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Switch full-fat milk for skimmed and choose red wine instead of white: Easy food swaps to cut your cholesterol

Mirror logo Mirror 28/11/2017 Kim Jones
a close up of a white plate © Getty

Contrary to popular belief, cholesterol isn’t all bad. This waxy, fat-like substance plays a vital role in our body. 

There are two types: LDL (‘bad’ cholesterol) and HDL (‘good’ cholesterol).

High levels of LDL can build up in artery walls, raising the risk of heart disease but ‘good’ cholesterol helps carry excesses of the bad kind out of the body, protecting against heart disease.

Your Total Cholesterol Measurement should ideally be 5mmol/L or less; LDL-Cholesterol 3mmol/L or less; and HDL-Cholesterol over 1mmol/L for men and 1.2mmol/L for women.

If you’ve had a high reading, here are some simple swaps to help get your cholesterol levels back on track...

a bowl of fruit: Credits: Getty © Provided by Trinity Mirror Shared Services Limited Credits: Getty

Switch: Full-fat milk - Skimmed milk

Why? “Full-cream milk contains saturated fat, which can raise cholesterol levels,” says registered dietitian Linda Main, co-author with Baldeesh Rai of 4 Steps to Lower Cholesterol.

Try it Today: First, switch to semi-skimmed in tea and coffee, then in your cereals for a couple of weeks before moving on to skimmed. “Your palate will fine-tune itself to the thinner, less creamy consistency of skimmed milk if you give it time to adjust,” says Linda.

Switch: 3pm Biscuits - Unsalted nuts

Why? Biscuits are high in saturated fat. Linda says: “Unsalted nuts are just as convenient to snack on and the fibre, protein and good fats in them help keep hunger at bay and lower cholesterol.” Studies show they can raise ‘good’ HDL cholesterol and lower LDL.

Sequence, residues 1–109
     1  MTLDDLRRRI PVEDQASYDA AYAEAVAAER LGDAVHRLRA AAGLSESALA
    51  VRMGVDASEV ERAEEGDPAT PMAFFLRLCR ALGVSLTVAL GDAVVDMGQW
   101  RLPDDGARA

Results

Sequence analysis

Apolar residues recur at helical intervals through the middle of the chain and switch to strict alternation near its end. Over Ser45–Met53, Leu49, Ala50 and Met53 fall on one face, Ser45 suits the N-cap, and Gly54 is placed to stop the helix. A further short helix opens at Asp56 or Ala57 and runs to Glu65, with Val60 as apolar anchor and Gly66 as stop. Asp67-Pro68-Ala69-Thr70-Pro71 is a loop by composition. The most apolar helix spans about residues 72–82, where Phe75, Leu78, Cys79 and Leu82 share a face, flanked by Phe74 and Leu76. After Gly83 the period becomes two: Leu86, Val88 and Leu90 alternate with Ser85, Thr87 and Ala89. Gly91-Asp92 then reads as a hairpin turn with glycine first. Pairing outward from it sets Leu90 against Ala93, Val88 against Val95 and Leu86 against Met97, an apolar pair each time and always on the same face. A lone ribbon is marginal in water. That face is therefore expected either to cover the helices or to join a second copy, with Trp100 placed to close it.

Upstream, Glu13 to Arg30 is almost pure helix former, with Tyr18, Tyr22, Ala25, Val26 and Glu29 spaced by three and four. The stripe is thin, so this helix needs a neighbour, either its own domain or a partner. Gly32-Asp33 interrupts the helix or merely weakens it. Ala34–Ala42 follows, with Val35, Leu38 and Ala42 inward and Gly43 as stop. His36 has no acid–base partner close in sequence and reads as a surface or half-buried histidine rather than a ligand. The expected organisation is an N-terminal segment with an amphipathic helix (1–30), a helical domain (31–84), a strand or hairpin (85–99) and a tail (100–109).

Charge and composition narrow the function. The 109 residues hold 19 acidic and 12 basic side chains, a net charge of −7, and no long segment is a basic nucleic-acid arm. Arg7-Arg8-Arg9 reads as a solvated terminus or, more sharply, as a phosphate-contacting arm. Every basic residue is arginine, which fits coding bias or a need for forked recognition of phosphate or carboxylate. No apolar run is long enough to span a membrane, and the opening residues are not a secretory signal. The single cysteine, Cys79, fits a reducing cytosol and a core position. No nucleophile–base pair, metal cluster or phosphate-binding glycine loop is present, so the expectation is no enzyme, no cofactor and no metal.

Try it today: “Keep nuts on your desk or in your handbag, so if you’re hungry or tempted by other snacks you have your preferred one at hand,” says Linda. Choose from walnuts, almonds, pistachios, Brazils and cashews. Uncooked and unsalted are best. Eat in moderation as they are calorific.

Switch: Meat - Pulses

a pile of fruit on display: Credits: Getty Images © Provided by Trinity Mirror Shared Services Limited Credits: Getty Images

Why? Pulses (such as beans, lentils, chickpeas) are not only low in fat but also a good source of protein and soluble fibre. Linda says: “Soluble fibre has been shown to have cholesterol-lowering properties. It dissolves in water in the gut to form a gel-like substance a bit like wallpaper paste. But instead of sticking to the walls of your intestines, it soaks up cholesterol, like a sponge, and carries it out of the body.”

Try it today: Linda says: “Select recipes where you can add pulses and minimise red meat content, such as chilli, casseroles, soups, salads and stir fries. The great selection of canned beans and pulses available makes it easy to incorporate them into many recipes.” 

a bowl of food: Credits: Getty Images © Provided by Trinity Mirror Shared Services Limited Credits: Getty Images

Switch: Sugary breakfast cereals - Porridge

Why? “Oats contain a special form of soluble fibre called beta glucan – one of the most effective forms,” says Linda. Look for ‘rougher’ oats as they probably contain more beta-glucan than the smoother processed instant type.

Try it Today: Resist sweetening porridge with sugar and try adding strawberries, blueberries or raspberries instead. Research has shown berries can boost levels of good HDL cholesterol. If you don’t like porridge you can add oats to your diet by snacking on oatcakes.